FANDOM


Wrestling Dontaku 2016
Wrestling Dontaku 2016
Promotional poster for the event, featuring caricatures of several NJPW wrestlers
Information
Promotion New Japan Pro Wrestling
Date May 3, 2016[1]
Attendance 5,299[1]
Venue Fukuoka Kokusai Center[1]
City Fukuoka, Japan[1]
Event chronology

Road to Wrestling Dontaku 2016 Wrestling Dontaku 2016 Global Wars (2016)
Wrestling Dontaku chronology

Wrestling Dontaku 2015 Wrestling Dontaku 2016 Wrestling Dontaku 2017

Wrestling Dontaku 2016 was a professional wrestling event promoted by New Japan Pro Wrestling (NJPW). The event took place on May 3, 2016, in Fukuoka, Fukuoka at Fukuoka Kokusai Center and featured ten matches, six of which were contested for championships. The show was headlined by Tetsuya Naito making his first defense of the IWGP Heavyweight Championship against Tomohiro Ishii. It was the thirteenth event under the Wrestling Dontaku name.

ProductionEdit

StorylinesEdit

Wrestling Dontaku 2016 featured ten professional wrestling matches that involved different wrestlers from pre-existing scripted feuds and storylines. Wrestlers portrayed villains, heroes, or less distinguishable characters in the scripted events that built tension and culminated in a wrestling match or series of matches.[2]

Tomohiro Ishii ROH World Television Champion

ROH World Television Champion Tomohiro Ishii, who got his first-ever shot at the IWGP Heavyweight Championship in the main event of Wrestling Dontaku 2016

NJPW announced the first matches for Wrestling Dontaku 2016 on April 11, 2016, the day after Invasion Attack 2016.[3][4] The event would be headlined by new IWGP Heavyweight Champion Tetsuya Naito making his first title defense against Tomohiro Ishii in what would mark Ishii's first-ever shot at the title.[5] The match came as a result of events taking place at Invasion Attack 2016, where Ishii confronted Naito after Naito had defeated his Chaos stablemate Kazuchika Okada for the IWGP Heavyweight Championship.[5][6] Naito and Ishii had previously faced off in early 2014, when Ishii defeated Naito for the NEVER Openweight Championship. More recently the two had met in the second round of the 2016 New Japan Cup, where Naito was victorious en route to winning the entire tournament.[7] Ishii would enter the match as the reigning ROH World Television Champion, however, his title would not be on the line.[7] Were he to win the title, Ishii, standing at 1.70 m (5 ft 7 in), would have become the shortest IWGP Heavyweight Champion in history.[8]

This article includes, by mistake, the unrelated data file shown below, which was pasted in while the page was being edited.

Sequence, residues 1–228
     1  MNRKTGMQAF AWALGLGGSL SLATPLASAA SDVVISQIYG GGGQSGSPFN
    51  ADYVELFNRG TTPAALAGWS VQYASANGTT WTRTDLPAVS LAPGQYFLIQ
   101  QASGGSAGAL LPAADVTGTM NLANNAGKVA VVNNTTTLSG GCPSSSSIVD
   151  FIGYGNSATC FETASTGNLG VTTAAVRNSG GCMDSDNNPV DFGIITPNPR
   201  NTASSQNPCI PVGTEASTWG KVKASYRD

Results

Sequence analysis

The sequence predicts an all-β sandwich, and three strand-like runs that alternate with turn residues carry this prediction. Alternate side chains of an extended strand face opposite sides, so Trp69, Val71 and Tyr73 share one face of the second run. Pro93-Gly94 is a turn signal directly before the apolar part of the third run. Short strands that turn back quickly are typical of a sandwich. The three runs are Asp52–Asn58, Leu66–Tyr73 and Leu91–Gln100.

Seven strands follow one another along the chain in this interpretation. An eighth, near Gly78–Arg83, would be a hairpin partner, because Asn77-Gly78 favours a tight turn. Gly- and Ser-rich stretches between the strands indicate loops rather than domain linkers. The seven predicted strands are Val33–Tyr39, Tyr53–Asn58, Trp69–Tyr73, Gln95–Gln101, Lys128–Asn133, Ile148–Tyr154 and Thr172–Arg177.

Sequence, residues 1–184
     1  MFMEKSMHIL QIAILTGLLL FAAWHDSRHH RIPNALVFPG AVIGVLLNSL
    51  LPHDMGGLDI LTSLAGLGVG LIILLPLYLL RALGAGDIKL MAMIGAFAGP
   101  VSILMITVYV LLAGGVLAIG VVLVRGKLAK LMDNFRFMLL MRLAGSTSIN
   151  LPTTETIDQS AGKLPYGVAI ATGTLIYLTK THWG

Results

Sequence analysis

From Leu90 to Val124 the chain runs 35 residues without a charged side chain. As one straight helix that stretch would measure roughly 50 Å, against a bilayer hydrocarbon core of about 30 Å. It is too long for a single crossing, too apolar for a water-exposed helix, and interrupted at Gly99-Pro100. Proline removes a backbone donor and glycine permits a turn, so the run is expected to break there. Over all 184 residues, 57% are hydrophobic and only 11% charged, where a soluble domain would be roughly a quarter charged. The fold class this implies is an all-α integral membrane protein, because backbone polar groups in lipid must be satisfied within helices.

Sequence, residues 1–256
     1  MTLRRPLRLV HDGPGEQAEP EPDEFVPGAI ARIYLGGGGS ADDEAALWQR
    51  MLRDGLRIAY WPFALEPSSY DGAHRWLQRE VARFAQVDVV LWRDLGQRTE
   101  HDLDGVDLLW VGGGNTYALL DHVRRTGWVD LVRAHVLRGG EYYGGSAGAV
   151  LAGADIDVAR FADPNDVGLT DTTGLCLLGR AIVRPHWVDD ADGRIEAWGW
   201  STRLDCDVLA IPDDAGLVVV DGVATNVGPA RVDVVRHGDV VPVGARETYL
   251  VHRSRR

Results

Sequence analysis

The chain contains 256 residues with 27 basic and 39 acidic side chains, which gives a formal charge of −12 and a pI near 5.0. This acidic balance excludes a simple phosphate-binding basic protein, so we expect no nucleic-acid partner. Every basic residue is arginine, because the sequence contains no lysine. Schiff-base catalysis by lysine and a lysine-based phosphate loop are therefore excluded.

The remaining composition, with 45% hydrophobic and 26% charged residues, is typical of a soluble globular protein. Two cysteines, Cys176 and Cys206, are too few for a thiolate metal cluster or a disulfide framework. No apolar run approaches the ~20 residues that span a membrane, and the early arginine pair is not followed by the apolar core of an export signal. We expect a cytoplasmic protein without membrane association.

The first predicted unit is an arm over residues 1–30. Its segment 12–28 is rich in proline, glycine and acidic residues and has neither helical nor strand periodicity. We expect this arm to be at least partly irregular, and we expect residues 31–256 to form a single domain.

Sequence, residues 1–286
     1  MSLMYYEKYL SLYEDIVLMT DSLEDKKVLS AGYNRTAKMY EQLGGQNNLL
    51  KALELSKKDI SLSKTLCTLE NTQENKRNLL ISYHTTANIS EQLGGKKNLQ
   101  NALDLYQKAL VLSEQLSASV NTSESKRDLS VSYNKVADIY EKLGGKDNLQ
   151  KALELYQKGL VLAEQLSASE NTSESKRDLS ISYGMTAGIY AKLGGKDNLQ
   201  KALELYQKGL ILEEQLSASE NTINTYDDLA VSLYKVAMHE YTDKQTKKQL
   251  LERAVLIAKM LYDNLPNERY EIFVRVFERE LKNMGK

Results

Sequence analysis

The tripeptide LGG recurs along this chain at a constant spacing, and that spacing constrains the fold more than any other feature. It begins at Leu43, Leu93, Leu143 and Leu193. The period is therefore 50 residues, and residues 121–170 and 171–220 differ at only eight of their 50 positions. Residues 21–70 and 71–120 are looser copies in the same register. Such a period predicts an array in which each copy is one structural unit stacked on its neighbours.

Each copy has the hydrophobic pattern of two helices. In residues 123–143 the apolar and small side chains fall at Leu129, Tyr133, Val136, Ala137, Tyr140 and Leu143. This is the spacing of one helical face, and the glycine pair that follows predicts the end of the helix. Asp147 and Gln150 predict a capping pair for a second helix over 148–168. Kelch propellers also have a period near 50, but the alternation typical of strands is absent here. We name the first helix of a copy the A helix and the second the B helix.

The event was also set to feature two more matches between members of Chaos and Naito's Los Ingobernables de Japón (L.I.J.) stables.[9] At Invasion Attack 2016, former All Japan Pro Wrestling (AJPW), Wrestle-1 and Total Nonstop Action Wrestling (TNA) worker Seiya Sanada made his surprise debut for NJPW, attacking Kazuchika Okada during the main event and costing him the IWGP Heavyweight Championship in his match against Naito,[6] setting up a match between Okada and the man now simply known as "Sanada" for Wrestling Dontaku 2016.[5] Sanada, who was once seen as a future "ace" prospect, but whose status had fallen since becoming a freelancer, stated he was going to use Okada as a stepping stone in their match at Wrestling Dontaku 2016.[10] Also on the card, Naito and Sanada's L.I.J. stablemate Evil was set to take on Chaos' Hirooki Goto, coming off a post-match brawl between the two at Invasion Attack 2016.[5][6] This would mark the second match between the two, following a match in November 2015,[5] which Goto won by disqualification.[11]